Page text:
Parents and early intervention professionals learn from each other
At the recent Massachusetts Early Intervention Consortium conference in Marlborough, MA, a presentation by Mary Watson Avery, Director of Connected Beginnings Training Institute, brought together early intervention professionals and parents receiving early intervention services for their children, with a focus on building mutually beneficial communications strategies.
Connected Beginnings Training Institute (CBTI), a business group of UMass Donahue Institute, builds the capacity of infant and early childhood practitioners to engage in nurturing relationships with families and the very young children in their care. These efforts include support to the the range of professional disciplines represented in the field of early intervention (EI), which refers to the services provided to young children and their families including, but not limited to, toddlers, infants, those with special needs, and others considered at risk for developmental delays or disabilities.
The group of 20 parents and practitioners participated in several interactive exercises followed by discussions. One exercise included questions on communication from the perspectives of both parents and EI professionals. One set of prompts asked participants to finish the following sentences, including “It’s easier when my EI professional…” and “It’s easier when the parent…”. Another set of prompts included “It would be important to me if my EI professional…” and “It would be important to me if the parent…”.
“As a parent in an interaction with an EI professional, sometimes you don’t realize what you know is significant in regards to early intervention,” Watson Avery added. She then gave an example of a parent who was aware of what they regarded as a common habit of their child but then later learned that the behavior was considered an indication of a developmental delay. Other times, the parent may feel unsure of what’s best for their child and may doubt themselves compared with an EI professional whom the parent may think knows all the answers. One parent participant summed it up this way, “We just want to feel safe and supported in these conversations with EI professionals.”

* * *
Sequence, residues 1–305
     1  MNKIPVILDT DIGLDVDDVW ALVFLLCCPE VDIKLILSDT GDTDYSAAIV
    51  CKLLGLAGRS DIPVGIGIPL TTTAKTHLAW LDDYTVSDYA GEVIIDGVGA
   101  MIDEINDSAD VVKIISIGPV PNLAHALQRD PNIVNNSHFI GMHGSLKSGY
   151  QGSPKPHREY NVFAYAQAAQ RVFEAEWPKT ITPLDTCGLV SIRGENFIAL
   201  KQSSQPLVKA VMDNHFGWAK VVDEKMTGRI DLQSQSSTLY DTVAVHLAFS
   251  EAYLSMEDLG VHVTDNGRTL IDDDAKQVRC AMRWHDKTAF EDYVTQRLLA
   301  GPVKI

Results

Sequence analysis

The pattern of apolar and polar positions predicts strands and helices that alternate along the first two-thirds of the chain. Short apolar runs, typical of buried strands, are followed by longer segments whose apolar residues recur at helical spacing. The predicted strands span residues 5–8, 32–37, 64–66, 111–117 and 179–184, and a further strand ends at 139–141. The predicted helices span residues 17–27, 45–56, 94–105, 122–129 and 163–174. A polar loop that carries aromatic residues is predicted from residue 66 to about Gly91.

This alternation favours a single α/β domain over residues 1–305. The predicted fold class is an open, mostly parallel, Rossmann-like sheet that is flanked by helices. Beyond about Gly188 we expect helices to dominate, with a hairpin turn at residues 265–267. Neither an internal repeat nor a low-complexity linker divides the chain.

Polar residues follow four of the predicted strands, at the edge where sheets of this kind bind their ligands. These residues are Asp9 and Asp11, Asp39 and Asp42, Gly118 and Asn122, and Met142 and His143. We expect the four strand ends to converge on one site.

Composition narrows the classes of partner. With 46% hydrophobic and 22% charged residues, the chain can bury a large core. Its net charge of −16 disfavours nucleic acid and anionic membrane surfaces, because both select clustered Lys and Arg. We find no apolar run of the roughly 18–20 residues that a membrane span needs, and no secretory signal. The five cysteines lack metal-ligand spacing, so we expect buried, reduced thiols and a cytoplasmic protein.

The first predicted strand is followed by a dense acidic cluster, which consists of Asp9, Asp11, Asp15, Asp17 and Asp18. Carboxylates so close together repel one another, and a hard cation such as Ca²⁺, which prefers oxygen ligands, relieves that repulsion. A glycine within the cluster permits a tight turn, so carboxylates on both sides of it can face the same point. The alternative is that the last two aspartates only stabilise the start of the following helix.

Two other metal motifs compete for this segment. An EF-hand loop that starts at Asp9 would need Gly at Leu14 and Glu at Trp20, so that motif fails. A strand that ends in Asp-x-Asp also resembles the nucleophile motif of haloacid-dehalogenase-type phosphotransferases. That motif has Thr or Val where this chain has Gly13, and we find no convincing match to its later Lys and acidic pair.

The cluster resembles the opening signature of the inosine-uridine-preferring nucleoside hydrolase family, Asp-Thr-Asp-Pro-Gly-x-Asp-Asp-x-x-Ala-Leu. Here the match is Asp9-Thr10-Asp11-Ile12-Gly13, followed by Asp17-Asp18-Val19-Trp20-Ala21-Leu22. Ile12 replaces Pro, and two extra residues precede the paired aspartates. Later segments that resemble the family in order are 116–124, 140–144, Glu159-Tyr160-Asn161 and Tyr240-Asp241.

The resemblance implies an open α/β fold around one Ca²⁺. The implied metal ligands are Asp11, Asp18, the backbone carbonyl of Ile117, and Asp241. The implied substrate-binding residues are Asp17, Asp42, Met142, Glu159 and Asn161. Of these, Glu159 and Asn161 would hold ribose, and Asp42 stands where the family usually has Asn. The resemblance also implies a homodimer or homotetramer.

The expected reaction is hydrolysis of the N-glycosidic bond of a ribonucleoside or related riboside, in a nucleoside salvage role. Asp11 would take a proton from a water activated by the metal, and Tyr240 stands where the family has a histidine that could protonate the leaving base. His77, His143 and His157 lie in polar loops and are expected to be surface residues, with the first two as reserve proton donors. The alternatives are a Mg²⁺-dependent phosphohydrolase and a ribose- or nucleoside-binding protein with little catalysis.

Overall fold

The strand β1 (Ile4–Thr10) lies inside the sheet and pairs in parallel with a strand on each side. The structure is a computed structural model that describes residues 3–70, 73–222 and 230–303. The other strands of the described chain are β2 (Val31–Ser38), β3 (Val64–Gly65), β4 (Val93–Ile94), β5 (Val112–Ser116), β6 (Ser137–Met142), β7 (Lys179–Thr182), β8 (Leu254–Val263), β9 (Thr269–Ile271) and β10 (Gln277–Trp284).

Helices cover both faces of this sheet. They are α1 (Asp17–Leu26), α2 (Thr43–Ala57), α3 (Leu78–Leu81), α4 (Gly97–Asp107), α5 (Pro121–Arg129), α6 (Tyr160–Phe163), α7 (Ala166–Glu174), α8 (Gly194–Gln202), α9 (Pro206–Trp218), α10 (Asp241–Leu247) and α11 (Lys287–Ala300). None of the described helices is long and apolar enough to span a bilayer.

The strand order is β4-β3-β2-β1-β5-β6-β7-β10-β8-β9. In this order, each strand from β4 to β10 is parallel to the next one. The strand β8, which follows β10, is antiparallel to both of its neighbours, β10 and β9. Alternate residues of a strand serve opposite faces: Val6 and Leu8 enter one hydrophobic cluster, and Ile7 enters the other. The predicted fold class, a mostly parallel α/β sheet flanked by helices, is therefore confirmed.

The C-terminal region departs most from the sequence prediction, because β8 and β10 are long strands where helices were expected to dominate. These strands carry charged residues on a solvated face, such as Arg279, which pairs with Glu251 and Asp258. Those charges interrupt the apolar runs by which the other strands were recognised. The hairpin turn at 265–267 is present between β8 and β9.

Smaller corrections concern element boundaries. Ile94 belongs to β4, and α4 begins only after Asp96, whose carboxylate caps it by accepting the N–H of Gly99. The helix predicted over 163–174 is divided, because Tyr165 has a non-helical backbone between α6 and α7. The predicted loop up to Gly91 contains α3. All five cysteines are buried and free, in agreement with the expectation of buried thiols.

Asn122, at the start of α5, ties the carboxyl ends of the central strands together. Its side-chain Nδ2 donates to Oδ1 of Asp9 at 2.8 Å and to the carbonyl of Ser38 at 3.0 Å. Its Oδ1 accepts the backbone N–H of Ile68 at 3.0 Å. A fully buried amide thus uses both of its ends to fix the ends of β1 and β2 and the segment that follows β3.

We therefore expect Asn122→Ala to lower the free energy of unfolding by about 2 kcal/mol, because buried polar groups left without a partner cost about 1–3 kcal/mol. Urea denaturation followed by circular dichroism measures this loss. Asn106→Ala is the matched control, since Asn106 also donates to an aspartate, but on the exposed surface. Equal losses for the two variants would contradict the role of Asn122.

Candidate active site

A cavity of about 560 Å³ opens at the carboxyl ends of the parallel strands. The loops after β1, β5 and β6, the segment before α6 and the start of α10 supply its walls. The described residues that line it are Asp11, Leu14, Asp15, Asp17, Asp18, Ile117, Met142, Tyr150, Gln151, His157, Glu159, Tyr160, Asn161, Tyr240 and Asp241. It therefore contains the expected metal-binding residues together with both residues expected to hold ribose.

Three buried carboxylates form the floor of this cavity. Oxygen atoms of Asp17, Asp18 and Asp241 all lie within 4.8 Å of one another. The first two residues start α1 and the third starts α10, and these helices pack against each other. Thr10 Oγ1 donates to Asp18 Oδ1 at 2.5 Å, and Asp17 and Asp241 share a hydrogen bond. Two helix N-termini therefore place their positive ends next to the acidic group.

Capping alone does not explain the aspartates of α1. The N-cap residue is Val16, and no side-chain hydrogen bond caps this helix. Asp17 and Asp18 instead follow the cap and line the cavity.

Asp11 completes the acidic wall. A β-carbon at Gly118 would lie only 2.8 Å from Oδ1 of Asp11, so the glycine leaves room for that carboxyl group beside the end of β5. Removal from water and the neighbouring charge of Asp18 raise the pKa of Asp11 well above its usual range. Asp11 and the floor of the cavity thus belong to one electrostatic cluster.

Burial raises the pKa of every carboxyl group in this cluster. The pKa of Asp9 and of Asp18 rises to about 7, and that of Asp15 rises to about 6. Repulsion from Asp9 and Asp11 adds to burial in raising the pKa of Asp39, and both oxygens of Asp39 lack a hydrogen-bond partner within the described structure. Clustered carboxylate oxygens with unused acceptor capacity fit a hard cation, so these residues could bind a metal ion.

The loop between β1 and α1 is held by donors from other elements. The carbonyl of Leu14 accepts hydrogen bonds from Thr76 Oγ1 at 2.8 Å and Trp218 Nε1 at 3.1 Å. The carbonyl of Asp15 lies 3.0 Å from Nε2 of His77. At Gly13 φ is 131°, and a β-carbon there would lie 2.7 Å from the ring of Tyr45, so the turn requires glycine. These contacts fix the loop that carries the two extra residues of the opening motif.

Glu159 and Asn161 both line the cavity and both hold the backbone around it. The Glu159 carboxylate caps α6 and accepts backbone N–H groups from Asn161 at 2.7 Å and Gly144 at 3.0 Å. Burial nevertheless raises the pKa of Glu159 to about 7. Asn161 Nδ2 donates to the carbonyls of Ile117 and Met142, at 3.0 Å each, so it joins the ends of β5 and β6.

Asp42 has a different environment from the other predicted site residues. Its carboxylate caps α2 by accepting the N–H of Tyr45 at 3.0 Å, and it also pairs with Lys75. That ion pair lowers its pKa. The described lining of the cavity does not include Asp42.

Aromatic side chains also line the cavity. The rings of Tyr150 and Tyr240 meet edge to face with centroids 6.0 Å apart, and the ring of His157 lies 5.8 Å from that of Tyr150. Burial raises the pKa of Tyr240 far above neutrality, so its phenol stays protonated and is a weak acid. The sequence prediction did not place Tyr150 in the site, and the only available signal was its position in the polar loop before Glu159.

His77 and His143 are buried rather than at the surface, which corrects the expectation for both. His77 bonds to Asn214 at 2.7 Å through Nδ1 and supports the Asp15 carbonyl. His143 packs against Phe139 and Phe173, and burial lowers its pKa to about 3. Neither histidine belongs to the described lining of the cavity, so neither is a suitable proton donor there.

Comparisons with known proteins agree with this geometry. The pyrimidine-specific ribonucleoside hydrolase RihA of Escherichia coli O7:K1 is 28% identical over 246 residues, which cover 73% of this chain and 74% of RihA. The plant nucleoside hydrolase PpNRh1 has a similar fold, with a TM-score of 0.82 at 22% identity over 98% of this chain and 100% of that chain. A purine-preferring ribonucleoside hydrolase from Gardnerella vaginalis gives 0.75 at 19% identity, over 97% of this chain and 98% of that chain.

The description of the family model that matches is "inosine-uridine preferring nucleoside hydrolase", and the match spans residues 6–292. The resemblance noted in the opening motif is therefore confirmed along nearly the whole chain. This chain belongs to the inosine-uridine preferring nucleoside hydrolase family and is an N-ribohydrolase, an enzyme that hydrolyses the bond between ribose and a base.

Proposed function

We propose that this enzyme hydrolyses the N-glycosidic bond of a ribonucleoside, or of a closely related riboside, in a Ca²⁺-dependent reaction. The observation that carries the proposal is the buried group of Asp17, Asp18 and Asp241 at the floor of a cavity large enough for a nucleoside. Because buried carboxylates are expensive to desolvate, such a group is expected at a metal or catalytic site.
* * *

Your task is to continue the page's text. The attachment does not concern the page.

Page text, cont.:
“Being able to consider the other’s perspective is essential to improving communication. Improved communication can in turn promote more productive parent/EI professional relationships, and can lead to a more accurate assessment of the child’s needs, strategies, successes, and challenges,” said Watson Avery. ”Improved communication can also promote shared understanding, which in turn may create a less stressful atmosphere in which to receive early intervention services.”
The Massachusetts Early Intervention Consortium Conference is an annual educational event for service providers and families of children ages birth to three who have or are at risk for developmental delays. The diverse group of attendees included early childhood educators, behavioral educators, child care providers, nurses, physical therapists, occupational therapists, speech-language pathologists, audiologists, social workers, mental health counselors, psychologists, program administrators, parents, higher education faculty, and students.
May 08, 2019